The aim of the tort defamation (and the Defamation Act 1996) is to protect reputation. Reputation is the main feature of a person/business. Many have spent time and money in establishing this reputation. As a consequence, they/it are well known and attract business.
Due to the time and money spent in building this reputation, it is only right that the law should protect the reputation and compensate the individual wronged. However, what is at issue at the heart of defamation cases brought under the Defamation Act 1996 is how to value such a reputation and the level of damages to award to compensate for the harm caused to it.
It is arguable that it a reputation is damaged which is linked to a business, then the level of damages under the Defamation Act 1996 should reflect the loss of profit caused by this. However, it is often difficult to measure how many people would have come to the business had it not been for the defamatory remark. This point also serves to highlight the uncertainties of defamation action under the Defamation Act 1996.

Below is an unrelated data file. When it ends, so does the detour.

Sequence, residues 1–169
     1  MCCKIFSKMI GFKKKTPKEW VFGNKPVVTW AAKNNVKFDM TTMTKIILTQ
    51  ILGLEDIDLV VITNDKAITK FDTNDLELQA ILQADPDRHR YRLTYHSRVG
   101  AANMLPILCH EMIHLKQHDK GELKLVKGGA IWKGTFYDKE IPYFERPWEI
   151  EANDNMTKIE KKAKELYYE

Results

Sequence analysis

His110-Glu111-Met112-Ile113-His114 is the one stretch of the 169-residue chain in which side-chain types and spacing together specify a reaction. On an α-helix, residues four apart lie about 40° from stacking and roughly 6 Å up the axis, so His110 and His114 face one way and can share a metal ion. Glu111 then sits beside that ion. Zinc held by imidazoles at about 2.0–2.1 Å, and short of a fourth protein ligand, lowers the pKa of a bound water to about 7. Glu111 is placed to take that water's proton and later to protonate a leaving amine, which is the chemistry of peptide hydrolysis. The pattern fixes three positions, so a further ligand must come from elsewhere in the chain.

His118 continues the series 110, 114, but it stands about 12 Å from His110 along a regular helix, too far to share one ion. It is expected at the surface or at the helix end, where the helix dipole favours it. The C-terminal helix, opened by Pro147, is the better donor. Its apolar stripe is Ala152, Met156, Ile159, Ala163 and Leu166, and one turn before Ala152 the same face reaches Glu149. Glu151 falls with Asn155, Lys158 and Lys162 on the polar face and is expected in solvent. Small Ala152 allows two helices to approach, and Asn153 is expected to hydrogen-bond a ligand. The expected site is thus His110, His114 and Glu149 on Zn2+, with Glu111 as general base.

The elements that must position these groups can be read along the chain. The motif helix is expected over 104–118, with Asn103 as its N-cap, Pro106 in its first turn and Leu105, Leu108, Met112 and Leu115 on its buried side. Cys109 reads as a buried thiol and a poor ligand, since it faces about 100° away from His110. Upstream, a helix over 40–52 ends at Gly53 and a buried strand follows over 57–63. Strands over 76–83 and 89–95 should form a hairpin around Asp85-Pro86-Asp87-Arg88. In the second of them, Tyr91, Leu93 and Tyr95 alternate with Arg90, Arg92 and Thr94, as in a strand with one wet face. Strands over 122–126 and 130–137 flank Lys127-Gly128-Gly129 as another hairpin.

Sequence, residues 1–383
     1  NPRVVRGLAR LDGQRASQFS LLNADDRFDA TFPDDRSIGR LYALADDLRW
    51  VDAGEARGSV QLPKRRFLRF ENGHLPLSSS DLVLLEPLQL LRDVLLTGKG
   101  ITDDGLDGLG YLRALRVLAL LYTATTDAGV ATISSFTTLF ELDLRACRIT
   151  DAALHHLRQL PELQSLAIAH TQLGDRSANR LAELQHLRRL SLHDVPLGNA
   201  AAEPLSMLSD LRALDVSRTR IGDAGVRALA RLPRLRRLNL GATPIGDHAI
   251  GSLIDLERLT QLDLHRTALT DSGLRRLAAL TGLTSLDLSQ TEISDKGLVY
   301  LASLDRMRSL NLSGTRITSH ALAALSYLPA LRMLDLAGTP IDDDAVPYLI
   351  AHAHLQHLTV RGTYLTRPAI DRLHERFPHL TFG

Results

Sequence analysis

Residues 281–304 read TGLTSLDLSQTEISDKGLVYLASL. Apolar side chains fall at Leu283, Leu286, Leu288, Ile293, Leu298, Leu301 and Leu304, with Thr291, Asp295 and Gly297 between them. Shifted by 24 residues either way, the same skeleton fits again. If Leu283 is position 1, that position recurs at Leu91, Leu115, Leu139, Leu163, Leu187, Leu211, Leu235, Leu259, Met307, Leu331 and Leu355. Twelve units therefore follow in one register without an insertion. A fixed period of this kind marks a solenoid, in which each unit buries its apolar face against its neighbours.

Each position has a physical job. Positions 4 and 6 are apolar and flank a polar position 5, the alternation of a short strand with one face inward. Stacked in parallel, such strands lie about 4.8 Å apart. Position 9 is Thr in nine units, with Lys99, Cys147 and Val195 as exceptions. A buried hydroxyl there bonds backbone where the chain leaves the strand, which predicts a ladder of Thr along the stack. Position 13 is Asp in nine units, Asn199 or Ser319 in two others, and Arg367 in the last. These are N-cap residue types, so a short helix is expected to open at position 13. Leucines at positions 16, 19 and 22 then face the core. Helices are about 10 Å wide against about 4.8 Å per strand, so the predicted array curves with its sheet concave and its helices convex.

Despite the reasons given above for the protection of reputation under the Defamation Act 1996, it is arguable that the excessive amounts awarded for protecting reputation are arguably too high. For example, awards are often given which far exceed that which would be awarded for personal injury cases. The problem is exacerbated by the role played by juries under the Defamation Act 1996. Juries are able to determine the level of damages awarded. Before they do so, previous awards are read out to them. It is suggested that they often reward a higher amount than the cases read out to themf determining the level of damages for damage to reputation under the Defamation Act 1996 is furthered by the crucial role played by juries.
In light of these difficulties, some have suggested introducing a cap on damages awarded under the Defamation Act 1996. One example is £10,000. However, many would argue a reputation is so valuable that the damage by a defamatory remark exceeds this amount.
Tags: aim, consequence, damages, defamation act 1996, defamation action, defamation cases, Defamation rewards, excessive amounts, heart, juries, person business, personal injury cases, reputation, time and money, tort, uncertainties
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